The Love Feast

Jude 12, speaking of wicked men who had crept in among God’s people, reads:

These are spots in your love feasts, while they feast with you
without fear, serving only themselves…

What is a “love feast”? Commentators differ on what the love feast is. Some affirm that in the early church, the richer members would provide an occasional meal to share with the poor saints (Geneva Bible Notes, Adam Clarke Commentary). Other say this refers to the Lord’s Supper (Barnes’ New Testament Notes) or an abuse of it (Jamieson-Fausset-Brown, Robertson’s Word Pictures). Still others believe it is simply the pure lifestyle and assembly of the Christians (Family Bible Notes, William Burkitt’s Notes). Some, perhaps wisely, have chosen not to comment (John Wesley’s Notes, People’s New Testament).

There is no agreement among commentators, nor is there consensus among writers of antiquity. Ignatius mentions the love feast, but his reference to it could simply be another name for the Lord’s Supper (letter to the Smyrnaeans, ch. 8). When Clement of Alexandria speaks of a love feast, he speaks of feeding the “poor, maimed, lame, blind” (Luke 14:12-14), NOT a sumptuous feast (Instructor, I, ch. 1). In Tertullian’s Apology (ch. 39), the agape is referred to as a supper to benefit the needy.

I’ve hears some use love feast to defend church hosted potlucks and fellowship meals. I’ve even been told that it is sinful if we do not host such potluck meals. As there is no firm Bible instruction, and in the absence of agreement among Christians in the first few centuries (who were much closer to Jude’s day that we), to claim that we must host a “love feast” else we are sinning is not only presumptuous, but divisive.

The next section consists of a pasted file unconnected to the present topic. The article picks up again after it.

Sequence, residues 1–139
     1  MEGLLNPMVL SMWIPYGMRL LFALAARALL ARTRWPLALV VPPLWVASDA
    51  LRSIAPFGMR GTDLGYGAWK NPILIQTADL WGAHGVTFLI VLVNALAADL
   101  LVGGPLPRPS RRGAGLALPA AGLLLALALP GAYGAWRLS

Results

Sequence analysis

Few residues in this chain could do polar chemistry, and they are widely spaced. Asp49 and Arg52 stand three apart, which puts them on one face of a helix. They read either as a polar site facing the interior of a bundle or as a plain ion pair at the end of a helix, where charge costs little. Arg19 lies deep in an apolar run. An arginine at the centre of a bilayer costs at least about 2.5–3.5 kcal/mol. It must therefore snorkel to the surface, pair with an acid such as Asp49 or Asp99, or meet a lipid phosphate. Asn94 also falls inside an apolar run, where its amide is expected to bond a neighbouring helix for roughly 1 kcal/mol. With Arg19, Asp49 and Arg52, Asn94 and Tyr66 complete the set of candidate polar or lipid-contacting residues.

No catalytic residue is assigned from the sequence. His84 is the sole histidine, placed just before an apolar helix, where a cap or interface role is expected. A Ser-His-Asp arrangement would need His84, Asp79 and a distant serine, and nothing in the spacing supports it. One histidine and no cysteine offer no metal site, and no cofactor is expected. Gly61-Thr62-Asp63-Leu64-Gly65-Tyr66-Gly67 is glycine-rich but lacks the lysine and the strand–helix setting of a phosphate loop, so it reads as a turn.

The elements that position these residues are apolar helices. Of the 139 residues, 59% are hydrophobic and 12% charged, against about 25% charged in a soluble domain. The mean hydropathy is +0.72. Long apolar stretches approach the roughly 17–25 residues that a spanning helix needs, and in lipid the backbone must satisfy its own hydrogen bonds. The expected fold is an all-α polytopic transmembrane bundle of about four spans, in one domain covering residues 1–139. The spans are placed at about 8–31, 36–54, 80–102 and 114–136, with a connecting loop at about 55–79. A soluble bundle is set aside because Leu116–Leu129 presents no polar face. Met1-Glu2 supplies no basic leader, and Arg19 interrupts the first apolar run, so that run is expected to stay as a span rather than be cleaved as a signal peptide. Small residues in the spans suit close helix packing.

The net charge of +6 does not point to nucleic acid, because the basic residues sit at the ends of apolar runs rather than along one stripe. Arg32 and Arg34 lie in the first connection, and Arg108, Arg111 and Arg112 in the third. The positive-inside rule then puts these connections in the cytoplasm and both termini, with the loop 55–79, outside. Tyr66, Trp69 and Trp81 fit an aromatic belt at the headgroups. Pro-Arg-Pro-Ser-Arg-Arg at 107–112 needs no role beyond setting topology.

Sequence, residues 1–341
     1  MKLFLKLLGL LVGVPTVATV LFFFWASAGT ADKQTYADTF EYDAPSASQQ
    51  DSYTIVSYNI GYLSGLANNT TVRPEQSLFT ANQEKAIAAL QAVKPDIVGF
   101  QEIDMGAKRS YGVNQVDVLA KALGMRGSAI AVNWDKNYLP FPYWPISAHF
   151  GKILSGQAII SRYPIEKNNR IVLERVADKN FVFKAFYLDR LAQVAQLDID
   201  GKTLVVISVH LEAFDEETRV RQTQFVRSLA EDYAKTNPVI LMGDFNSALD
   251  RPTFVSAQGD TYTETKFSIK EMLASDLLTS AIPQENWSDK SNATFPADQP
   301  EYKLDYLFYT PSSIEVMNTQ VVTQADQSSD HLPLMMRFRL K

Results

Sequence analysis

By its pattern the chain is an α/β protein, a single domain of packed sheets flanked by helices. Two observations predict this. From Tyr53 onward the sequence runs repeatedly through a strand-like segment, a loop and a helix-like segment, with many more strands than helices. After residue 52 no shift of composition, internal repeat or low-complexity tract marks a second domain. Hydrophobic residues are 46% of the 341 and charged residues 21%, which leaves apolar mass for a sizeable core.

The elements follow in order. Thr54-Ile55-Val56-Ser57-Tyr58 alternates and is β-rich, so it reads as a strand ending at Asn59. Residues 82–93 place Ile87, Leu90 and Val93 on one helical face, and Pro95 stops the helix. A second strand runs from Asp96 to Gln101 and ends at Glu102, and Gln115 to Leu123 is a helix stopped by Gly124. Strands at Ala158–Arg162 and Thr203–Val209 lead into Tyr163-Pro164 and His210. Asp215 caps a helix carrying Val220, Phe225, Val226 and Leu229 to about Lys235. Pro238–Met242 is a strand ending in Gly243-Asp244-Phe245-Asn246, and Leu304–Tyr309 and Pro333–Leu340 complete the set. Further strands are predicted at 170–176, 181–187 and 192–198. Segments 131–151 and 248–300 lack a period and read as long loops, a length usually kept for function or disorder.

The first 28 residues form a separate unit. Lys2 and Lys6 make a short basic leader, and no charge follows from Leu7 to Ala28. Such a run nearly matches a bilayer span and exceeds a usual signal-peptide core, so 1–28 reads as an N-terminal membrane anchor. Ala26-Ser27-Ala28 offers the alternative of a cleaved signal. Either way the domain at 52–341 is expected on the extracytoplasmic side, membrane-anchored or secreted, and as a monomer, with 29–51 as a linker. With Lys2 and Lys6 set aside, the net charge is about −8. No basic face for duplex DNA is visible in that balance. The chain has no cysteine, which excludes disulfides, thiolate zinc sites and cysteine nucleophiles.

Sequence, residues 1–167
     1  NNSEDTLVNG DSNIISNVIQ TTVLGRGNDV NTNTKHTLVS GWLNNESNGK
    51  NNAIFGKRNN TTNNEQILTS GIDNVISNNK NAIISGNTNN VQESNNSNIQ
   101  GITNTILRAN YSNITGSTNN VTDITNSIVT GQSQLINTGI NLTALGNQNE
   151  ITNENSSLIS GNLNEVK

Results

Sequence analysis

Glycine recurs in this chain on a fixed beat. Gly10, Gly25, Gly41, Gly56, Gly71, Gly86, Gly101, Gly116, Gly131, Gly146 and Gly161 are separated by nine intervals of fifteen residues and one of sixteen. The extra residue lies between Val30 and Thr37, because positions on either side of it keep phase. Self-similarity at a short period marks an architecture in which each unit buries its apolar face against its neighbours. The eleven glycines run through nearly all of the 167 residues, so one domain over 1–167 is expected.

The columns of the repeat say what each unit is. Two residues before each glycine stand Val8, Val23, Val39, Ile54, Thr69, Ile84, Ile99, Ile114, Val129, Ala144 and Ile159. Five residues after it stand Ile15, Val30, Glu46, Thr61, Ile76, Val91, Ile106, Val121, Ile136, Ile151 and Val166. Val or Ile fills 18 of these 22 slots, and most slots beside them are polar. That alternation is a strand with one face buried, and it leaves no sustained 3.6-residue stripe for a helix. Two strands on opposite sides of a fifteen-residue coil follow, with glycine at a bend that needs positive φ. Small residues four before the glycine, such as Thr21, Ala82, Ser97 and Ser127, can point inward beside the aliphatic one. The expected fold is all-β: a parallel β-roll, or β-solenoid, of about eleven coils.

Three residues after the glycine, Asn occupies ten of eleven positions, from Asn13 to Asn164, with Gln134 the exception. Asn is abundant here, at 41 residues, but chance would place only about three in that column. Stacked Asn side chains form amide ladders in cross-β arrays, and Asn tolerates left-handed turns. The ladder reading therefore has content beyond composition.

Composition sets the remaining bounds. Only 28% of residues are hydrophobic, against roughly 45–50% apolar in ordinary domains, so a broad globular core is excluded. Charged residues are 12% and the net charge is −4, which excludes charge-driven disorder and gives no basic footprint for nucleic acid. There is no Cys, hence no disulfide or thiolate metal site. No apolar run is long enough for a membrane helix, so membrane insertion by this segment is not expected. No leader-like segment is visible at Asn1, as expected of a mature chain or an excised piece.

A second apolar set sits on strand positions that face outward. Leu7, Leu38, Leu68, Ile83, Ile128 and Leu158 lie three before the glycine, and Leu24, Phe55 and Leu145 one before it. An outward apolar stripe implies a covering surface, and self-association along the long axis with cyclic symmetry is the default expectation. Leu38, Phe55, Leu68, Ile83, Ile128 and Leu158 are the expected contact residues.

Every translation I have seen refers to a “love feast” in Jude 12. If we look at the Greek text, we’ll see this is not a translation, but rather speculation. It reads:

outoi eisin en taiv agapaiv umwn spiladev suneuwcoumenoi
afobwv eautouv poimainontev (Online Interlinear)

Literally rendered, that means:

these are in the love of you spots feast fearlessly themselves shepherding

How someone could get a potluck or social meal out of this is beyond me. Jude describes how wicked these ungodly men are—they are a corrupting influence in the midst of God’s people. The word feast here could otherwise be rendered carousing, to fare well, or to revel together. These wicked men are not eating more than is right at a social event; they are flaunting their evil and compel others to join in their dark ways. They reject godly leadership, happy to govern themselves and all who would accept their path of lewdness and lust.

So, what is the “love” or “love feast” which Jude wrote about?

Only someone with an agenda would conclude that Jude 12 authorizes the church to engage in social activities. A literal rendering of the text identifies the wicked as those who are feasting or carousing, not the faithful children of God.

Feast for the poor?
It’s entirely possible the rich provided occasional meals for the poor in the early church. Such is no violation of any Bible text, in fact, we’re told to remember the poor (Galatians 2:10). Is that what Jude 12 is about? Unlikely.

The Lord’s Supper?
Is the love feast Jude speaks of the Lord’s Supper? It is a feast shared by the Christians, and the presence of these wicked men would certainly be spots among them.

Christian purity?
Paul warned of a wicked man in Corinth,:

Do you not know that a little leaven leavens the whole lump.
(1 Corinthians 5:6)

Jude’s warning could be the very same, as these wicked men were with the faithful of God. Beware of the influence the wicked will have upon you—they can corrupt those who are seeking to walk in God’s way.

NOTE—I am all for Christians gathering together socially. Getting together in one another’s homes for meals, sharing potlucks as a group, having opportunities to socialize and visit, occasions to play games, etc. are all wonderful ways to get to know one another and to build our relationship to one another. However, let me stress, such activities (social activities) are not a work of the church—these are functions of the home, of individual Christians. The church is to save souls, to minister to spiritual needs, not to social endeavours.

Print Friendly, PDF & Email